2016 was a good year for solar.
The year saw a five year extension of the federal solar Incentive Tax Credits (ITC), allowing homeowners to write-off up to 30% of the costs of a home solar installation.
Then there was a record number of solar installations, which beat 2015 by 191% according to a SEIA and GTM Research paper.
Add to this the enjoyable stat that in 2016 a handful of countries saw the price of solar drop drastically below the price of gas and coal.
Taking into account all of the solar industry’s positive achievements over the year, it’s no wonder that many of America’s state sanctioned utility companies have had a knee jerk reaction, pushing to increase their “fixed charges” fees up to 80% in some states.
A 50 States Solar report for 2016 shows that utilities in 18 states outlined such proposals, attempting to charge customers more for fixed charges, despite the fact many of them consumed less energy either by switching to renewables or installing energy saving appliances.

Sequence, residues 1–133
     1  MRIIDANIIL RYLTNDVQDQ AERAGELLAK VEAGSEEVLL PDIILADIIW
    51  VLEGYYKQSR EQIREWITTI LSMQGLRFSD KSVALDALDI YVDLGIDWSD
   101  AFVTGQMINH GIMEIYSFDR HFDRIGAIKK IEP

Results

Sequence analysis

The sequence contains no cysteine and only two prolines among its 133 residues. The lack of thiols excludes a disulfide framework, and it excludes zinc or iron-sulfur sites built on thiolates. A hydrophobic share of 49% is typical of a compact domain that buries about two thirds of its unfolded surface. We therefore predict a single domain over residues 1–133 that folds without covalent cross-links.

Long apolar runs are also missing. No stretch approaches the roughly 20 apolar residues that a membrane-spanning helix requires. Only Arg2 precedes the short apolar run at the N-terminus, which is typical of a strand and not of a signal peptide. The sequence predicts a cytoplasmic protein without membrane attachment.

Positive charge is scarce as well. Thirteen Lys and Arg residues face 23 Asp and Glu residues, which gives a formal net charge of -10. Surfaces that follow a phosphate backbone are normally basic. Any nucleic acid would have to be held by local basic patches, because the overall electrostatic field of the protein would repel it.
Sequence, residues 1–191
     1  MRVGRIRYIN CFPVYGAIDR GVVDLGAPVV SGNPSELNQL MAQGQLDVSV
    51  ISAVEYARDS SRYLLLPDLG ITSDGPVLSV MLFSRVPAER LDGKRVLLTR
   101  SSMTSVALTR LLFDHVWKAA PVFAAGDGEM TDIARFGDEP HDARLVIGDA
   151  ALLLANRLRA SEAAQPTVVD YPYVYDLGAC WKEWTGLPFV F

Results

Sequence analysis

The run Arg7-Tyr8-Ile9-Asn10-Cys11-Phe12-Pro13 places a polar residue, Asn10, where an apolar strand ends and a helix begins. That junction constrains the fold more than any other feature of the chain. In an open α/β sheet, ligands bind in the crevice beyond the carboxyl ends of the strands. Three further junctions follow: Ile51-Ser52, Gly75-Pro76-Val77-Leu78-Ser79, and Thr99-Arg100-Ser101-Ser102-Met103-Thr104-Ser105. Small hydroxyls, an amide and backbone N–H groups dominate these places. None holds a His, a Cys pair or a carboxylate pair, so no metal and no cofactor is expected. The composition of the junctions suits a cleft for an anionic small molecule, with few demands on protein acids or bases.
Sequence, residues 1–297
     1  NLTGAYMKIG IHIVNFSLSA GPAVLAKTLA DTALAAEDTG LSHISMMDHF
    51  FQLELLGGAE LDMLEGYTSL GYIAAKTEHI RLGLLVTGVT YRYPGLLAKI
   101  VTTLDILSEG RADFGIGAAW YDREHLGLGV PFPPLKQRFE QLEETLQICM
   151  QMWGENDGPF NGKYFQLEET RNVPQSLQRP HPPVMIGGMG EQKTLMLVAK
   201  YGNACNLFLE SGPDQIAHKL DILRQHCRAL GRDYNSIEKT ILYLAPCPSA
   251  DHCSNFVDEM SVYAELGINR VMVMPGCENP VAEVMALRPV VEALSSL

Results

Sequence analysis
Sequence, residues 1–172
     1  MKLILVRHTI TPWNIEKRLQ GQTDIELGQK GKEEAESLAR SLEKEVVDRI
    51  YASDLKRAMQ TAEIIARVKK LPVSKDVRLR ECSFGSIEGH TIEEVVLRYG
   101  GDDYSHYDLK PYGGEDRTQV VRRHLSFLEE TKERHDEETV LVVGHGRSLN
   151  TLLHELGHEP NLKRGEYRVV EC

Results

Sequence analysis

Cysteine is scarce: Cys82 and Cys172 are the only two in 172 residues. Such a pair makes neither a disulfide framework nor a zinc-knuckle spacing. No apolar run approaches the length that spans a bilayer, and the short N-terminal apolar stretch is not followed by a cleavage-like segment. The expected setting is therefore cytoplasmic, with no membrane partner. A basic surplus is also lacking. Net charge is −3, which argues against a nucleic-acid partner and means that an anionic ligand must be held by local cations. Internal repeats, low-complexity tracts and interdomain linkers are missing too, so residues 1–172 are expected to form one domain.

These backwards and short sighted tactics to subtly and dissuade people from switching to solar might have short term financial benefits for utility companies, but harmful long term consequences.
As solar technology exponentially improves, and KW per hour energy prices decline, utility companies are turning a blind eye to the global trend of switching to renewable energies.
As utility companies try and pressure consumers to stay by increasing fixed costs, these companies are only hurting themselves. Building new coal plants is a 30-50 year investment costing millions and one that is likely to pay less and less dividends in a future fueled by renewable energies.